Amazon released earnings last night that were less than what Wall Street was expecting, and the Internet retailer's shares are plunging, down $50 on Friday to just under $585. That drop was likely particularly painful for CEO Jeff Bezos, cutting his net worth by nearly $6 billion. (Although the 110% run-up in Amazon's stock price last year boosted Bezos by roughly $$25 billion, so don't feel too bad.)
It's important to point out when it comes to Amazon (amzn) that the range of estimates on Wall Street is particularly wide. For the last quarter, analysts were expecting the company to earn anywhere from $0.60 to $2.40 per share in the last three months of 2015, with an average of $1.53. So the $1.00 per share that company reported on Thursday night was a disappointment, but not to all.
For a long time, how much Amazon earned didn't seem to matter. And it often didn't earn much. Wall Street bought Bezos's line that Amazon's future growth matters much more than its present losses. And this quarter's earnings announcement wasn't so bad. Amazon's cloud business did extremely well in the quarter.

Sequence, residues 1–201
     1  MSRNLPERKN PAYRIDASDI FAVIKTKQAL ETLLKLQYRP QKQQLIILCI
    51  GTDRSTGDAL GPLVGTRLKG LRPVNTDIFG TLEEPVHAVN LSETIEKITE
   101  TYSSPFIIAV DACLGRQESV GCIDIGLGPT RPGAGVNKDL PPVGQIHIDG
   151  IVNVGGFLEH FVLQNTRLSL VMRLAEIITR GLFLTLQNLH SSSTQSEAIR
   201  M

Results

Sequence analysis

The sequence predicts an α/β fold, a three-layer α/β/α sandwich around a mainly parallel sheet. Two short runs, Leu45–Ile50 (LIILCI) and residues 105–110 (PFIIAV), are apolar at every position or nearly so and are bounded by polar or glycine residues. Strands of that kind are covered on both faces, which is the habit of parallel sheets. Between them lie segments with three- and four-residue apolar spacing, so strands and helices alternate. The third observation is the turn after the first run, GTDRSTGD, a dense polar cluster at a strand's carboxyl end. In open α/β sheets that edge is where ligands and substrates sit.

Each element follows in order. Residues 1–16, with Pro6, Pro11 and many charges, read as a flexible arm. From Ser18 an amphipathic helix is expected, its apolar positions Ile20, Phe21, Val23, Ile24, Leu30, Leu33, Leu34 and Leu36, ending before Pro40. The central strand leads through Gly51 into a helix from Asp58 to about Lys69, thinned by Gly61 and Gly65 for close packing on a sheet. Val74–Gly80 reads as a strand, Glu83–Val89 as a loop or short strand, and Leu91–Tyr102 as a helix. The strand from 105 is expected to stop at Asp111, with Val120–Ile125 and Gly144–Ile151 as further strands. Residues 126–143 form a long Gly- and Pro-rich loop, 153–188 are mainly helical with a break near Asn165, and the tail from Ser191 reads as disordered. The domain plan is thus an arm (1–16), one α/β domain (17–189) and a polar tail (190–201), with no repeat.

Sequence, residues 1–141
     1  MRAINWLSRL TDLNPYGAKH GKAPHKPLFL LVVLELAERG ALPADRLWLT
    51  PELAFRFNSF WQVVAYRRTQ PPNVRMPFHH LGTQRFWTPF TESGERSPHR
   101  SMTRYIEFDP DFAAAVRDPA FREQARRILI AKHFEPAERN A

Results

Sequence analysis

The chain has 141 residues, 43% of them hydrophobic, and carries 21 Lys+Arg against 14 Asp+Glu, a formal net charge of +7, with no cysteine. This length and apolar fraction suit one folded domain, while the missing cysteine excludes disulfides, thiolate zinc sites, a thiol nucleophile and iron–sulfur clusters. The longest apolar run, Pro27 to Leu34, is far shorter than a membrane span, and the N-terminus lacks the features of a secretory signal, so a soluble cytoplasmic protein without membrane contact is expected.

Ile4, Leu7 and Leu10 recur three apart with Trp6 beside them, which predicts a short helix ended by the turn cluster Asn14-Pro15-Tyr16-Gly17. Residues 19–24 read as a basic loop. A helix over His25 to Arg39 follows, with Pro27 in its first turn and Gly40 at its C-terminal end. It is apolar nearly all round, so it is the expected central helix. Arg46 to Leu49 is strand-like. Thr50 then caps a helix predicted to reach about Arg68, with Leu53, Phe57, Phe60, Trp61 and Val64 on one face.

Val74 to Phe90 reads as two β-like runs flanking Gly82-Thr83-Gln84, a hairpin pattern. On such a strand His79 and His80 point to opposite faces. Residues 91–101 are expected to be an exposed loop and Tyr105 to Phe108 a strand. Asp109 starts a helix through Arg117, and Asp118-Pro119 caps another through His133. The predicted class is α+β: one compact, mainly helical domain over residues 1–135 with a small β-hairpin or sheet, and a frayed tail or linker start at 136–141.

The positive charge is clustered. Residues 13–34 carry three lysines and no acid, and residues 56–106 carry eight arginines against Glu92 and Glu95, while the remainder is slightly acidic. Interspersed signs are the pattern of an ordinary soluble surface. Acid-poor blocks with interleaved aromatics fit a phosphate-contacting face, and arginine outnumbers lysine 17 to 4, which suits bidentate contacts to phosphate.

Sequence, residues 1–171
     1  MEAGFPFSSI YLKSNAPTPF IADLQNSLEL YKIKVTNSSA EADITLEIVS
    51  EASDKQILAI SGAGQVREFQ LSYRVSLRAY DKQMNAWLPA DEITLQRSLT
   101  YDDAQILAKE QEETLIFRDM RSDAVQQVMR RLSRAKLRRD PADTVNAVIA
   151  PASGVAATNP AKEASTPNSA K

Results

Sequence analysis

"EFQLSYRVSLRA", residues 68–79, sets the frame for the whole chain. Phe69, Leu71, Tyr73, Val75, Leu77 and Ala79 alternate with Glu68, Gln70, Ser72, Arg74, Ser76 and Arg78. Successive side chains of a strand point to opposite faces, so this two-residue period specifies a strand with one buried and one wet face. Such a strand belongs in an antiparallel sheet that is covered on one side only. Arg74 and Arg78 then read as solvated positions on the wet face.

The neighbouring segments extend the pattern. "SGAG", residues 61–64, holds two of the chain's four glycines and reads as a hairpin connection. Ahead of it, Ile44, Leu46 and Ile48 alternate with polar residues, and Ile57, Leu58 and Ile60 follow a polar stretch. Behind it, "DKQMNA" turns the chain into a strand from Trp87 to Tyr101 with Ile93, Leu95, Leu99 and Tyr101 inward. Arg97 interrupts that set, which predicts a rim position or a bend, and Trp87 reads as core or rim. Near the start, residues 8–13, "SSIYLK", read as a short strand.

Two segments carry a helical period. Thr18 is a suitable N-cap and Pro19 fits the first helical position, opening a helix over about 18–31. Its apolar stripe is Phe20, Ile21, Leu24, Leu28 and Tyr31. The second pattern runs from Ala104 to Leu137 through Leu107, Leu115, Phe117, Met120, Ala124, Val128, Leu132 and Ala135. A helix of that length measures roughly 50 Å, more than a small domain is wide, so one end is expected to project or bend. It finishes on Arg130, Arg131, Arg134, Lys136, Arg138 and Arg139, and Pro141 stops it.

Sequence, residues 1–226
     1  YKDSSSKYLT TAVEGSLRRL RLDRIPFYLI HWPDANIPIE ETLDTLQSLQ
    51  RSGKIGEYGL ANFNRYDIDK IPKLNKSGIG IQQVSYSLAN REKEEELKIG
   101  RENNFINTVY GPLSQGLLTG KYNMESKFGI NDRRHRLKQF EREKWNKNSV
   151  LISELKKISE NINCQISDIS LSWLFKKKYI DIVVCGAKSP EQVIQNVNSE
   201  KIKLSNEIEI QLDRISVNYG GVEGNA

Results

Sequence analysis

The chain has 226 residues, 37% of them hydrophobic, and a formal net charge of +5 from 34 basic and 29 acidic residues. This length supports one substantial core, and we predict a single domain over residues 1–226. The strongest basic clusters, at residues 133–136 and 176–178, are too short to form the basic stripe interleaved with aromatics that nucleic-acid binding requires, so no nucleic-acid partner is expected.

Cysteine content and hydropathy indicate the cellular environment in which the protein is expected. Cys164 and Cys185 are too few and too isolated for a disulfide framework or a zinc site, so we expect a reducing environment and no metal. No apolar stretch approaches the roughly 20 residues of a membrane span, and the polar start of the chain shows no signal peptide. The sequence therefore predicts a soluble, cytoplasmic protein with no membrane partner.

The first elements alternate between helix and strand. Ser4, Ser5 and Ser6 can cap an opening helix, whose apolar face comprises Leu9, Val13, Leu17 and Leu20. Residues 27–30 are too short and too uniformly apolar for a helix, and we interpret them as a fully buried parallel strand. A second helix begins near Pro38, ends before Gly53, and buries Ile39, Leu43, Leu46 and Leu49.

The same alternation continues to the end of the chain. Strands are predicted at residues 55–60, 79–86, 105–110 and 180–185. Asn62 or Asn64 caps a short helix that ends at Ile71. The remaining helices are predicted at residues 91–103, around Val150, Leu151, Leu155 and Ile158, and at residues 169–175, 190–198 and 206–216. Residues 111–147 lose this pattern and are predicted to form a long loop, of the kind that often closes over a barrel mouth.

But here's the thing: In the past year, Bezos, after years of fighting Wall Street's bottom-line focus, made the switch to prove to Wall Street not only that Amazon can dominate Internet commerce, but also that it can make money doing it—a lot of it. And since Bezos has embraced Wall Street, Wall Street has embraced him. Shares of Amazon were up from $340 in October 2014 to a recent high of $696. At that stock price, Amazon was trading for a price-to-earnings ratio of 127, basically implying that Amazon will more than double its earnings every year. Earnings were only slightly more than double last year, so that's a disappointment, I guess.
Analyst do expect the company to earn over $5 a share this year, and nearly $10 next. But by embracing Wall Street, Bezos has set up Amazon for Wall Street's high expectations, and left little room for error at least with investors. We saw that this quarter.